NASA and AeroVironment, makers of the huge and unconventional Helios flying wing, are investigating the inadvertent deployment of the flight termination system parachute. It brought to a premature end a successful first flight of Helios at the NASA Dryden Flight Research Center, California, on 8 September.
The 75.3m (247ft)-span remotely piloted flying wing was 1h 45min into its maiden flight over the dry lakebed at Edwards AFB when the parachute system suddenly deployed. The braking effect of the parachute, normally manually deployed by the range safety officer in the event of a loss of control, put the giant vehicle into a helical descending turn. The ground-based pilot was able to maintain some control as the Helios descended and the vehicle was undamaged in the landing.
Before the incident, the Helios handled well during its initial check-out flight, says NASA programme manager John del Frate. The flight was the first test of the revised configuration, which is 12.5m greater in span than its predecessor, the Centurion, flight tested at Dryden late last year. Powered by 14DC-brushless 1.5kW electric motors driving 2m-diameter propellers, the Helios is aimed at achieving altitudes of 100,000ft and continuous flights of up to four days above 50,000ft. Power for the motors is obtained from electricity generated by silicon crystal solar cells mounted on the upper surfaces of the wing.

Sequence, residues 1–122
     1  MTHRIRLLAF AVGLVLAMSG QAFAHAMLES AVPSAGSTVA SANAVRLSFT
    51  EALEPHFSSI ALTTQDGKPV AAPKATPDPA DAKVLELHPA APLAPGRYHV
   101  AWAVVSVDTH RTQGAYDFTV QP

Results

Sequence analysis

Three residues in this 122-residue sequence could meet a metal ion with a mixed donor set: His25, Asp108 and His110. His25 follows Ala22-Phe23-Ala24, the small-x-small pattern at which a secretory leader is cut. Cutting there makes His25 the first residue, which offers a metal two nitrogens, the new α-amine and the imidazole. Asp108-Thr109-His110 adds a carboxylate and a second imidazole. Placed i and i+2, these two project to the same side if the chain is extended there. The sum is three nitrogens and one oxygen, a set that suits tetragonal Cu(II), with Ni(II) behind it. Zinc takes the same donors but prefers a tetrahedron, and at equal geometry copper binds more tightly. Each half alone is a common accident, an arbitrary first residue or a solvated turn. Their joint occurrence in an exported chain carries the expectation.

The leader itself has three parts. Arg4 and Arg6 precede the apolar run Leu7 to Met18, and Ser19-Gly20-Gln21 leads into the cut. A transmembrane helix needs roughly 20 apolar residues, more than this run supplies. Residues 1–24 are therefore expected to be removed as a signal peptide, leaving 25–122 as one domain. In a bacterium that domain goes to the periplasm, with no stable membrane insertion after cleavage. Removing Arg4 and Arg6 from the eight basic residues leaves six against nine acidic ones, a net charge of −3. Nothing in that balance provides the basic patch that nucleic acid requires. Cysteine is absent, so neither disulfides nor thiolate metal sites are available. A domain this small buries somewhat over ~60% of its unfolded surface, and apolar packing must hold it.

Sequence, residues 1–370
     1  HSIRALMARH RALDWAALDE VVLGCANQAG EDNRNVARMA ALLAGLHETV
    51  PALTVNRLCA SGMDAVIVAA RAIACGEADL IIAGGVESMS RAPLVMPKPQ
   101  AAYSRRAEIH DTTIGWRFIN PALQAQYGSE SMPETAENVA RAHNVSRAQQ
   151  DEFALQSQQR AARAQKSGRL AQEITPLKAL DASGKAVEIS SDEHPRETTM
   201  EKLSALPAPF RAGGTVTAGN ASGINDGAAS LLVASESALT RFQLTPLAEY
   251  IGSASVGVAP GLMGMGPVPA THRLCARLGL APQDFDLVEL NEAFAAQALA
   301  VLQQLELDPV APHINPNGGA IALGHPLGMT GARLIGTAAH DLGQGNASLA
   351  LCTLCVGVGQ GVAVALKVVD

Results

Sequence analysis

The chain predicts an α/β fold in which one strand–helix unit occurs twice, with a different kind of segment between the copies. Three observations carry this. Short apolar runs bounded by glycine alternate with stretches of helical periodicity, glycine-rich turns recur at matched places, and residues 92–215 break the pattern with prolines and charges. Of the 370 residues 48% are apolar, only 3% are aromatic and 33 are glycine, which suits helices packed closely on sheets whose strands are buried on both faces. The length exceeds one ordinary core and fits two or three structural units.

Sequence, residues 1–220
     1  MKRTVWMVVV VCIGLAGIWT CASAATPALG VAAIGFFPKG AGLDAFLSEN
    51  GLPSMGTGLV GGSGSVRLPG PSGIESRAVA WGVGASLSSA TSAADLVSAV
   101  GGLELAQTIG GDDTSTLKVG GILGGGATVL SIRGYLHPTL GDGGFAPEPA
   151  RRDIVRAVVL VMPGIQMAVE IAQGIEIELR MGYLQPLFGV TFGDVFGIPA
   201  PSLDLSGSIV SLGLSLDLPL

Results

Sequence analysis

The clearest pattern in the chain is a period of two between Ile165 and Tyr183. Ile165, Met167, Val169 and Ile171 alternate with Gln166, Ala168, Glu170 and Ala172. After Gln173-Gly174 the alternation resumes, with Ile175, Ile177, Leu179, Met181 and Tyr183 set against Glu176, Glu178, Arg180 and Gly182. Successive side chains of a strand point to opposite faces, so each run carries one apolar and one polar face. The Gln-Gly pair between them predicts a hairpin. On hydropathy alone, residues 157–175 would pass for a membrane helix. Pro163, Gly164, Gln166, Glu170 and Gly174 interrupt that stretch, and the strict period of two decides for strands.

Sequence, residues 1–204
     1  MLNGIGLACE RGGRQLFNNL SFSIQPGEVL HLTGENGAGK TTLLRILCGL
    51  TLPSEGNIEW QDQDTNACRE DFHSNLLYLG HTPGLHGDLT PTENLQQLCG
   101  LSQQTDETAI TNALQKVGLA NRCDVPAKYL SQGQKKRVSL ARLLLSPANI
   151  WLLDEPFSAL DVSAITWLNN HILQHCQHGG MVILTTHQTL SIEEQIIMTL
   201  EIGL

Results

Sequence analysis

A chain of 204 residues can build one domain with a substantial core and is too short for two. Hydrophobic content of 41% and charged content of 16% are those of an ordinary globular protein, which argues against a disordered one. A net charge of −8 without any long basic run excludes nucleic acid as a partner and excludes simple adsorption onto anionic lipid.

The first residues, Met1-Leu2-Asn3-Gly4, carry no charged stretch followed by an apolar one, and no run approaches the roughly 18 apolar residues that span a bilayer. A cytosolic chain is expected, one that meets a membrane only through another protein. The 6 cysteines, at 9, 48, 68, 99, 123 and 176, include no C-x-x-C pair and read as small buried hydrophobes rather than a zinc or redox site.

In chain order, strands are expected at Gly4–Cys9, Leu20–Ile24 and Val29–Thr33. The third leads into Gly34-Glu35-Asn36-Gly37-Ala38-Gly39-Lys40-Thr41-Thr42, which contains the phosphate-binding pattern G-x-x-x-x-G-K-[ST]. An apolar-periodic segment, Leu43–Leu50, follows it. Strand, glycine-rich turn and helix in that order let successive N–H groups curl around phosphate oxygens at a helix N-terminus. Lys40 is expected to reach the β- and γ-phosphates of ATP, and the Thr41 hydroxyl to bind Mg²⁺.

Conceived as an "atmospheric" satellite, or airborne relay station, the Helios prototype is being developed under NASA's Environmental Research Aircraft and Sensor Technology programme. NASA believes that production versions of the Helios, equipped with rechargeable energy storage systems, could be capable of flights lasting up to six months.
As part of its efforts to reduce the number of moving parts, and to improve the chances of achieving long duration operations, NASA plans to conduct Helios flight tests in which the motors will be used for pitch control. If this is successful, the team believes it may be able to remove some or all of the aircraft's 72 elevators and their individual servos and associated wiring.
Test flights will also evaluate the behaviour of the flexible airframe structure in turbulence. In previous tests, the smaller versions such as the Pathfinder and Centurion were "literally tossed around", says del Frate. "It's [Helios] like an inflatable mattress on the ocean and, because it is so flexible, it makes up for its fragility," he adds.
Source: Flight International